|OK, I look like a cow and you can barely see the Manta,|
but it's me and I saw it! Andy went to get Jake so
pictures were at a minimum today...but Jake was on a high!
One of the dive resorts here (Manta Ray Hotel) has given us the local rate for diving and agreed to let Jake sit on the boat so Andy and I can both dive. Today, they picked us up at our boat (that's service!) and then we rode through the mangroves at break-neck speed to our dive site. There is a manta cleaning station in the channel and after a short swim, we were perched on the side of a reef ready for the show. It took a while for them to show up, but once they did, it was incredible. Due to the weather recently, the visibility wasn't so great, but these things fly right over your head so close you could touch them....visibility didn't matter! The mantas that live here range anywhere from 9 feet to 13 feet in size (wingspan). If you've never seen one, it's almost like a ballet in the water. They are simply amazing. We saw one from our dinghy in the Tuamotos, but I've never been in the water and up close to one like today.
|So, apparently, I wasn't the subject of today's photography (only an afterthought)|
as you only see one shark behind me. There were at least a dozen,
but I just got in the way of the flash....
I could go on and on, but I won't...I'll just check that one off my list of cool things to do in life!
In addition to the diving, there are other interesting things around here to see. The main one being the stone money. Yapese have used stone money for centuries and according to the tourist brochure, it's found nowhere else in the world. Here's what it says...
|This is probably very disrespectful, but the hole seemed the|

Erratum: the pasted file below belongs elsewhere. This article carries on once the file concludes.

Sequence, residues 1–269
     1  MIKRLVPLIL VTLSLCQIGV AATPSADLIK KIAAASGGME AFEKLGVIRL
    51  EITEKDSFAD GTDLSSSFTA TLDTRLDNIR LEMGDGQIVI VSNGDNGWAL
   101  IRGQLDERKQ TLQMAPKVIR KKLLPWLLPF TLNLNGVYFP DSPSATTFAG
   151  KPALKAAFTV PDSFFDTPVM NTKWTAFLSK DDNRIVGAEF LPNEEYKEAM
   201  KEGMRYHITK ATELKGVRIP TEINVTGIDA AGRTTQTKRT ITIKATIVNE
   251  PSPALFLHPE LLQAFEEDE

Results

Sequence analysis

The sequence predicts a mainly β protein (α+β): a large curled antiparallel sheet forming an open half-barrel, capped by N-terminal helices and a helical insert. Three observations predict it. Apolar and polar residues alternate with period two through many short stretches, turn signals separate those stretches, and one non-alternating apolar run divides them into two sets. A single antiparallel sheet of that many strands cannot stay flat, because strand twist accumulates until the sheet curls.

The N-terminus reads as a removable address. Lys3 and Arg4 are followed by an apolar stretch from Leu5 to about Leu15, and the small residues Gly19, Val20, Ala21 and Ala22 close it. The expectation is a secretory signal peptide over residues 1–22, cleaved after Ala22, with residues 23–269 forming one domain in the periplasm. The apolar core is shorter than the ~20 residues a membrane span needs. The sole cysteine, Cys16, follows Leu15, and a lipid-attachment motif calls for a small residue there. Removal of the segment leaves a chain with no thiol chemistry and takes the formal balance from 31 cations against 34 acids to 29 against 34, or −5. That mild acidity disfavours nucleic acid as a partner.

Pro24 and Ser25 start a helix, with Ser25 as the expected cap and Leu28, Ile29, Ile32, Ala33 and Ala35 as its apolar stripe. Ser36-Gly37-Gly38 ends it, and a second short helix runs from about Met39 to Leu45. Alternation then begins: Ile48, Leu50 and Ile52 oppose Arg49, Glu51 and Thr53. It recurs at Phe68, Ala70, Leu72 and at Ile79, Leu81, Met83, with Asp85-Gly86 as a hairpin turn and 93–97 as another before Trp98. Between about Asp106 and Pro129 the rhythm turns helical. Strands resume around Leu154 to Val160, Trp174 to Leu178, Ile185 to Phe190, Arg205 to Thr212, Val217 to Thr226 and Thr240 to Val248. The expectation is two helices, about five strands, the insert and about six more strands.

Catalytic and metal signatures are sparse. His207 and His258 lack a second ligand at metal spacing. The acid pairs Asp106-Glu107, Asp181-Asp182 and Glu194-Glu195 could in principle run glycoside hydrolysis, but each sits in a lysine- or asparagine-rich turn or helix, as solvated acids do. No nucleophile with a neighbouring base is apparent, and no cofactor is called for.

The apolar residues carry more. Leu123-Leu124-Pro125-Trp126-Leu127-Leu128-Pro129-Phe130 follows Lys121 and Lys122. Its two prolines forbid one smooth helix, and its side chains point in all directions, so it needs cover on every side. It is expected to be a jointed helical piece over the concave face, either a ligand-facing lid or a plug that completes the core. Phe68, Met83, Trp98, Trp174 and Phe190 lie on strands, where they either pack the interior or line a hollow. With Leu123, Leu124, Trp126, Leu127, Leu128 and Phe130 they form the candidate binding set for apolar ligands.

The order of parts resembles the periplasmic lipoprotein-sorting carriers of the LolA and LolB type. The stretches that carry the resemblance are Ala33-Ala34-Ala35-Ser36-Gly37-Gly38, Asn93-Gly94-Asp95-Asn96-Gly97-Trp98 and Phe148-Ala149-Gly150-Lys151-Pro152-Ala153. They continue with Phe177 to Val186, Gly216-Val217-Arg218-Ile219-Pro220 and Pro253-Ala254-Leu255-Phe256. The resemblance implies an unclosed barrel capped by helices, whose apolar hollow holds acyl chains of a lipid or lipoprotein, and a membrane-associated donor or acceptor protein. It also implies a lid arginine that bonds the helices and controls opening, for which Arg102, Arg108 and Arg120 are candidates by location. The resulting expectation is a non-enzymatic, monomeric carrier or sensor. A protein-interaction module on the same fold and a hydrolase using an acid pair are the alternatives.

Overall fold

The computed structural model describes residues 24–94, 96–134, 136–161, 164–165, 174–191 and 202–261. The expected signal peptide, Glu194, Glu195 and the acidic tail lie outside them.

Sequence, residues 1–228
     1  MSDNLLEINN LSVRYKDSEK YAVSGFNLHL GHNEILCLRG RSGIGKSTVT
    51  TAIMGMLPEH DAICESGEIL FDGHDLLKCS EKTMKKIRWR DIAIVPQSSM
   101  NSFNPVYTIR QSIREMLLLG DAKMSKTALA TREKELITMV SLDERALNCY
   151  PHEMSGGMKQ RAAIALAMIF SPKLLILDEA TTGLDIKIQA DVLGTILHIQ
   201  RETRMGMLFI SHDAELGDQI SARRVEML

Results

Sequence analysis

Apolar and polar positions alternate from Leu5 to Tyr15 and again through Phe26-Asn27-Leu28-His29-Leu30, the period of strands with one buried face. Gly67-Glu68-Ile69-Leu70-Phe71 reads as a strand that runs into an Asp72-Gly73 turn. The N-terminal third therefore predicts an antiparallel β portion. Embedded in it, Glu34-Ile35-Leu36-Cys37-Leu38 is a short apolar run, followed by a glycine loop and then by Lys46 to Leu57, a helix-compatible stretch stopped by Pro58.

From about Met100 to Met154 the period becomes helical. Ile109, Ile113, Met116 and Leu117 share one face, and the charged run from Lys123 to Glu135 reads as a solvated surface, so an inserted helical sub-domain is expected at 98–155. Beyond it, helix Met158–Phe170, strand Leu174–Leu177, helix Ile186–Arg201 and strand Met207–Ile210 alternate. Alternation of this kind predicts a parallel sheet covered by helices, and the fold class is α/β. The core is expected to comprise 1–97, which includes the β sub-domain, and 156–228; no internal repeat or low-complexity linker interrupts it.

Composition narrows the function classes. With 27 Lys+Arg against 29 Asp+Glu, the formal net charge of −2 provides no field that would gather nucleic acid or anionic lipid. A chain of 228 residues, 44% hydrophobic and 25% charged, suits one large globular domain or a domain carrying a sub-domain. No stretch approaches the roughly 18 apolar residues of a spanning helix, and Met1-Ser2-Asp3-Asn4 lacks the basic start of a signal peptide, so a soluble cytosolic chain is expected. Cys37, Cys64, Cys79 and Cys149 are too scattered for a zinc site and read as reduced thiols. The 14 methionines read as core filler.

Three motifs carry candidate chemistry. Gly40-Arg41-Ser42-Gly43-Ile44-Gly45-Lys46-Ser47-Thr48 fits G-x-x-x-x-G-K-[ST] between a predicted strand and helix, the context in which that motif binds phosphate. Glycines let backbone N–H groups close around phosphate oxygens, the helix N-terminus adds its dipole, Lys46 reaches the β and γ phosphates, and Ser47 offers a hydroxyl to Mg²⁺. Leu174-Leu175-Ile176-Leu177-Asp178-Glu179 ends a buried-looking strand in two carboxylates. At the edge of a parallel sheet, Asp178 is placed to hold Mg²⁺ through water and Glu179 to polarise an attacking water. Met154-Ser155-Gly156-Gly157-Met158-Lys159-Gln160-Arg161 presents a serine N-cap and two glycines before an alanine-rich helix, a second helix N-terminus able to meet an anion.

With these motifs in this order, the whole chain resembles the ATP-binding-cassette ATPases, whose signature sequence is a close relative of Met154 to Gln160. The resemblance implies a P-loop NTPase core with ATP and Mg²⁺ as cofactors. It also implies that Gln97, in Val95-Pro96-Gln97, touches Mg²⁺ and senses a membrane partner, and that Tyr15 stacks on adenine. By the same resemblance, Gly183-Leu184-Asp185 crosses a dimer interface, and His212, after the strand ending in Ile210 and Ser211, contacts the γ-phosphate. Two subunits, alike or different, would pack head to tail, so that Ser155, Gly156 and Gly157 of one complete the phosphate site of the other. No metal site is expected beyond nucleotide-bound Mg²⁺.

perfect size for Jake's head...made for a cute picture, I think :)
Hundreds of voyages followed the initial trip to Palau. Many men attempted the hazardous passage and more than a few perished in the process. The 360 mile canoe journey took about five days one way if the weather was good and required skillful sailing. The larger pieces of stone money that are now a familiar fixture in most Yapese villages was an arduous task to make and return to Yap, increasing its value greatly."
Kind of interesting, huh? Anyway, it's still around and used in some villages today. It's not exchanged anymore, but sits in "banks" (the side of the roads in the villages) called Rai. We snapped a few pictures as we drove along.
There were also a few Japanese zeros left over from WWII....and a Continental flight gone bad....
|It took a while, but we finally found it... a japanese zero.|
Jake was ecstatic. He loves this stuff.
|U.S. Hellcat...apparently, it was hit by enemy fire, then|
collided with another US aircraft in the bay.
There's a memorial set up for the young pilot.
|Continental gone bad....|
My family is either laughing hysterically right now, or they're crying... It may sound like I'm making fun of my child and well, I guess I am. At his age, I was twirling the baton (pretty well, might I add), cheerleading, running track and tap dancing. My brother was playing baseball, basketball and football. We were coordinated kids. I can't help but laugh when I watch Jake as he is not very coordinated at all...he'll get it, I know. He's already improved immensely and me not really being a sports freak myself, I really have no concern (or even care if he ever improves). But I know others do and I thought I would give an update. Good news is Andy says he was a late bloomer and he is a very coordinated adult....there's hope. But not too much hope for team sports...aside from Jake growing up on a boat (which limits your options), his dad is a solo kind of dude...Tae Kwon Do (blackbelt though...see he is coordinated), sky diving, kayaking, scuba diving...you get the picture.
Now we're getting ready to go have some cocktails on a new cruising boat that pulled in yesterday...it will be nice to have some folks to hang out with after going such a long stretch without other cruisers. We still have a few weeks here as we're waiting on our bottom paint and then we're going to attempt to pull Savannah out and give her a fresh look. Cross your fingers.